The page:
“She would have been a good woman,” The Misfit said, “if it had been somebody there to shoot her every minute of her life.”
But, as a result of my tour, I do know that Georgia O’Keeffe was certainly frightened during the Cuban Missile Crisis. Would you believe she had a bomb shelter built outside the bedroom of her Abiquiu home? The docent told us about the bomb shelter, which is built into the side of a hill, as well as all the supplies O’Keeffe ordered to be stored in the shelter. Once she was prepared for disaster, she went right on making art.
Seeing O’Keeffe’s home at Abiquiu is something I’ve dreamed of doing for years, and I am grateful to the Georgia O’Keeffe Research Center for the fascinating tour of both the Abiquiu and the Ghost Ranch homes.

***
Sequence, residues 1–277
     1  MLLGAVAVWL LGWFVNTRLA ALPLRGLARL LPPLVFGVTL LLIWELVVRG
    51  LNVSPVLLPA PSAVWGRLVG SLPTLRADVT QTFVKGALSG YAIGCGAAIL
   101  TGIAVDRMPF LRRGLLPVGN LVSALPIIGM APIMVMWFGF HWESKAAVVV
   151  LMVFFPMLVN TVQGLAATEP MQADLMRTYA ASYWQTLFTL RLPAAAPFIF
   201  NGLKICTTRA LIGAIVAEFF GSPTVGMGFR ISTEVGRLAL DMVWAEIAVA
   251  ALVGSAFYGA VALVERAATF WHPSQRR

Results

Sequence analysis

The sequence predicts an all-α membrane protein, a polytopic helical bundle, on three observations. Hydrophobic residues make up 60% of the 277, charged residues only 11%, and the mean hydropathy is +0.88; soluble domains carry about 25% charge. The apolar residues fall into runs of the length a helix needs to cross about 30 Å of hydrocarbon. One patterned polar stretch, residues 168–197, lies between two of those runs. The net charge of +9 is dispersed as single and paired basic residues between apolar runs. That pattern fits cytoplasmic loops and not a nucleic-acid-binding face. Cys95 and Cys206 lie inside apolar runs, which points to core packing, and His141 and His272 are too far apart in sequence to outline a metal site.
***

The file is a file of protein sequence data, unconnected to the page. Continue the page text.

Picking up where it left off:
In recent years, the caretakers for the Abiquiu house have restored the gardens where O’Keeffe grew most of her vegetables and fruit. History brought to life, quite literally.
While it’s true that Lawrence didn’t raise vegetables at the Ranch, he did have a cow named Susan, and he milked her whenever he could catch her.
In recent years, the Abiquiu and Ghost Ranch homes have been carefully preserved and lovingly tended, but such was not always the case. It’s up to those of us who care about an artist’s legacy to preserve it.
On Monday, February 16th, the D. H. Lawrence Ranch Initiatives hosted a reception for Joanna and Richard Terry. (My thanks to the UNM Foundation for providing the tea, coffee, and assorted sweets. Thanks, too, to the wonderful bakers at the Mabel Dodge Luhan House.
It was a day of celebration and renewal, and I am grateful to all who supported the event with their ideas, energy and enthusiasm. Robert Cafazzo’s blog post explains what all the fuss was about–her name was Frieda Lawrence.
To read Robert’s post, click here